It is for the phrase "black swan" and the idea of the ludic fallacy that I am glad to have read the book. Had Taleb had a better editor, or perhaps that he had listened to the editor he did have, I would have given the book another star.

56 personnes ont trouvé cela utile

  • Global
    3 out of 5 stars
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  • Peter
  • 22/01/2009

OK, I get it!

A good book but the author could have shared the message in about half the time. Gets a little wordy and I found myself saying "I get it, move on" during the second half of the book.

38 personnes ont trouvé cela utile

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  • Global
    3 out of 5 stars
  • Interprétation
    2 out of 5 stars
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  • Amazon Customer
  • 09/08/2018

Intriguing idea, too much repetition.

It's a very interesting book, but the author keeps making the same point on and on.... you could but the book in half. The speaker pronounces French quite strangely. overall, I would recommend it because it raises an important point

1 personne a trouvé cela utile

  • Global
    4 out of 5 stars
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    4 out of 5 stars
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    4 out of 5 stars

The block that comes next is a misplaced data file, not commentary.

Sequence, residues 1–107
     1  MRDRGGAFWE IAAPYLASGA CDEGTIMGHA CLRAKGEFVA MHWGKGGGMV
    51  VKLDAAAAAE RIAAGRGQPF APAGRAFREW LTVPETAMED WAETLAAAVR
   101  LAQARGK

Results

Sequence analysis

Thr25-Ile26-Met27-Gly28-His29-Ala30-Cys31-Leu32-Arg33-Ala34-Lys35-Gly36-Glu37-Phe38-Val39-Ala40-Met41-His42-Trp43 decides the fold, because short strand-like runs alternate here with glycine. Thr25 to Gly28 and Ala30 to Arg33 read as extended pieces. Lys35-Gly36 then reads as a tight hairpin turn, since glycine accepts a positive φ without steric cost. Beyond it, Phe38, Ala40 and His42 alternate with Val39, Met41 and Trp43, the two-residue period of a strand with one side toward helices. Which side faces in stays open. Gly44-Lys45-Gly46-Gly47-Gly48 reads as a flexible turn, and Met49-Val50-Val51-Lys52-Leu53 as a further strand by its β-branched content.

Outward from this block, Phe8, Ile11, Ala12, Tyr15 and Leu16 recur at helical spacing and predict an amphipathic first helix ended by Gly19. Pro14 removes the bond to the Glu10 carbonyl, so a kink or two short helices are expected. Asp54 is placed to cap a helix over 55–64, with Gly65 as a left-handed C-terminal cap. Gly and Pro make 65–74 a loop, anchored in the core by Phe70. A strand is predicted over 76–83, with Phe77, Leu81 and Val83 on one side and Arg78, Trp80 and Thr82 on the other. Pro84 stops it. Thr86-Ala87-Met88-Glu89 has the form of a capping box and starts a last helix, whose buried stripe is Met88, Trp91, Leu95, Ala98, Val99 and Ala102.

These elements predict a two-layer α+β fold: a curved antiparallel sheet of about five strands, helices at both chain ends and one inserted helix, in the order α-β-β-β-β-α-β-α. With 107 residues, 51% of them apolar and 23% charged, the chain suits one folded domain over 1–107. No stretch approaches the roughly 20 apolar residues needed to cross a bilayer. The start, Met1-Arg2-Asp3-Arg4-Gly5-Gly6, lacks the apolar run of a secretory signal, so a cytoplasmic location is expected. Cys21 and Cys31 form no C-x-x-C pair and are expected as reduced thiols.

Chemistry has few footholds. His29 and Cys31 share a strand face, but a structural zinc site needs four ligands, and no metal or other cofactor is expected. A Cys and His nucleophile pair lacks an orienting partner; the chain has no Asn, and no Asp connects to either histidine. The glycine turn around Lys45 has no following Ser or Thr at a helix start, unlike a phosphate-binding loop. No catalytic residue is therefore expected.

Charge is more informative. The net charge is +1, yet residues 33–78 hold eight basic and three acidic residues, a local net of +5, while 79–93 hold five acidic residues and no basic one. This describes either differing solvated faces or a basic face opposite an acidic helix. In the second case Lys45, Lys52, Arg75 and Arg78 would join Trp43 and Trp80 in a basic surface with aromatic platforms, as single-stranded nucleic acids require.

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  • Marc Dierckx
  • 18/08/2015

Fooled by being a human being

A must for everybody who thinks himself as an analytical person. Although fat tails have entered into the common knowledge of many of us, we still remain fooled by randomness and I only was able to utter "of course" after misinterpreting a good number of the examples.

1 personne a trouvé cela utile

  • Global
    3 out of 5 stars
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    3 out of 5 stars
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    4 out of 5 stars
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  • Alejandro
  • 11/06/2020

The book relies on repetition

Good theories but the book could be easily half the length. For some inexplicable reason, there's over 100 chapters in this book, each just a few pages long (2mins per chapter). It's hard to discern what is important and what not if your book has 100 chapter.. A horrible choice to structure a book.

Also the speaker's performance is not to my liking.

  • Global
    3 out of 5 stars
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    3 out of 5 stars
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    3 out of 5 stars
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  • Lasse
  • 29/10/2019

very interesting but inefficient

A lot of shit-talk in all direction. Not very structured. Better to read a summary.

  • Global
    5 out of 5 stars
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    5 out of 5 stars
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    4 out of 5 stars